Christmas Island frigatebirds are strictly surface feeders. They are largely piscivorious, feeding on flying fish, jellyfish, squid, large plankton, and fishery by-catch and offal. Being strictly surface skimmers, they generally only immerse their bill but sometimes they do immerse their entire head. They have been known to take eggs from other nests and prey on the young of other frigatebirds. They are sometimes called 'pirate birds' in reference to their habit of harassing other seabirds into releasing or regurgitating their prey, which they then take.

Animal Foods: birds; fish; eggs; mollusks; aquatic crustaceans; cnidarians; zooplankton

Primary Diet: carnivore (Piscivore , Molluscivore , Eats other marine invertebrates)

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Associations

Christmas Island frigatebirds are important predators of marine vertebrates and invertebrates where they occur.

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Other Christmas Island frigatebirds may prey on eggs and nestlings. Otherwise, there are few natural predators of frigatebirds. Nesting colonies are in isolated and inaccessible areas and are protected by the nesting birds.

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Life History and Behavior

Behavior

Christmas Island frigatebirds use visual cues for mating, as when the males inflate their red gular pouches to attract females. They also use a variety of vocalizations to communicate in breeding colonies. Males and females distinctive vocalizations to communicate with each other and with their offspring.

Communication Channels: visual ; acoustic

Perception Channels: visual ; tactile ; acoustic ; chemical

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Life Expectancy

The mortality rate among Adult Christmas Island frigatebirds is 4% yearly, giving them an average lifespan of 25.6 years, it is speculated that they may live to reach ages of 40 to 45 years.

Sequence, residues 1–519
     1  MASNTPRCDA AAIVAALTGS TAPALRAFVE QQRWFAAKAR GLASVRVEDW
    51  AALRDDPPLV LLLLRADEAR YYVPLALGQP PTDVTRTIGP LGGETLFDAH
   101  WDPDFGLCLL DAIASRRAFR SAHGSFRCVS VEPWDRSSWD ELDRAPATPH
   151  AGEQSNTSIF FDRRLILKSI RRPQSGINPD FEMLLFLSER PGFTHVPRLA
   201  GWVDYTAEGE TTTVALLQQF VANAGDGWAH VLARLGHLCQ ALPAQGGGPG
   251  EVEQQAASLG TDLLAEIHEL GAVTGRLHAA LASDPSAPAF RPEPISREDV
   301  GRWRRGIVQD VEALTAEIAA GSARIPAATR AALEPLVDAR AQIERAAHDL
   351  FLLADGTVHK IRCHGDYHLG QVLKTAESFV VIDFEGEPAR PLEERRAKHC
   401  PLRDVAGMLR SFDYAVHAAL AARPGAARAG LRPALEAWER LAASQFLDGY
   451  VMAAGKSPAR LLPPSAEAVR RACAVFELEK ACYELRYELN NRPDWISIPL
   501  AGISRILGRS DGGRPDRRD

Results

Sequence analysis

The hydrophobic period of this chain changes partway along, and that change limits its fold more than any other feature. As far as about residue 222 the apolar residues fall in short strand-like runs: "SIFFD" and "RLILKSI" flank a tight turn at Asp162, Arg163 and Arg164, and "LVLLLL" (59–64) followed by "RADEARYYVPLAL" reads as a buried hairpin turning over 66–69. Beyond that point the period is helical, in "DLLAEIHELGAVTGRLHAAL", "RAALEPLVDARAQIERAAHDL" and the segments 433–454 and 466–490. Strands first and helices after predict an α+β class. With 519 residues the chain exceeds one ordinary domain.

Typical lifespan

Status: wild:
45 (high) years.

Average lifespan

Status: wild:
25.6 years.

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Reproduction

Generally Christmas Island frigatebirds do not mate with partners from previous years; each season new mates are chosen as well as new nesting sites. In late December males select display sites, where they inflate their bright red gular pouch to attract females. Pairs are usually formed by the end February. The nest is then built at the display site. Christmas Island frigatebirds are colonial nesters and there are only 3 known colonies on the island, Golf Course, Dyers, and Cemetery. Christmas Island frigatebirds seem to be more selective in their nest sites than the other members of the genus Fregata. They prefer to nest in sites sheltered from high winds to ensure safe landings. Nest sites of Christmas Island frigatebirds are situated under the top branches of a chosen tree. This species is highly selective in the choice of tree species used for nesting, studies of the golf course colony have shown that Terminalia catappa and Celtis timorensis are the preferred species of nesting tree comprising 65.5% of the trees chosen. Nesting also occurs in some species of Ficus, but is less common. It is also noted that all of these tree species occur throughout the island, yet breeding is restricted to the 3 main colonies.

Mating System: monogamous

It takes over 40 days for a pair to incubate a single egg. The young generally hatch anywhere from mid-April to late-June. The offspring are very slow growing but seem to grow quicker than the young of other frigatebird species. It takes fifteen months to raise one chick, so breeding occurs only every 2 years, though it is not known whether both parents are required for the entire time. Males may attempt to mate every year.

Breeding interval: Pairs breed every other year, it is not yet confirmed whether or not males attempt to breed every season.

Breeding season: The breeding season is estimated to last 9 to 10 months.

Average eggs per season: 1.

Average time to hatching: 40 days.

Average time to independence: 15 months.

Range age at sexual or reproductive maturity (female): 5 to 7 years.

Range age at sexual or reproductive maturity (male): 5 to 7 years.

Key Reproductive Features: iteroparous ; seasonal breeding ; gonochoric/gonochoristic/dioecious (sexes separate); sexual ; oviparous

Fifteen months are needed for a pair to raise one young to independence. Both parents help in incubating the egg and feeding of the chick when hatched. Generally the older juveniles are fed by the female parent more frequenty than the male, although there have been observations of males feeding free-flying offspring at least 8 months old. About 15 to 20% the eggs that are laid fledge young. Some groups are able to raise 60% of nestlings successfully to fledging. It is estimated that a breeding pair takes twenty to twenty five years of breeding attempts, or more, to replace themselves.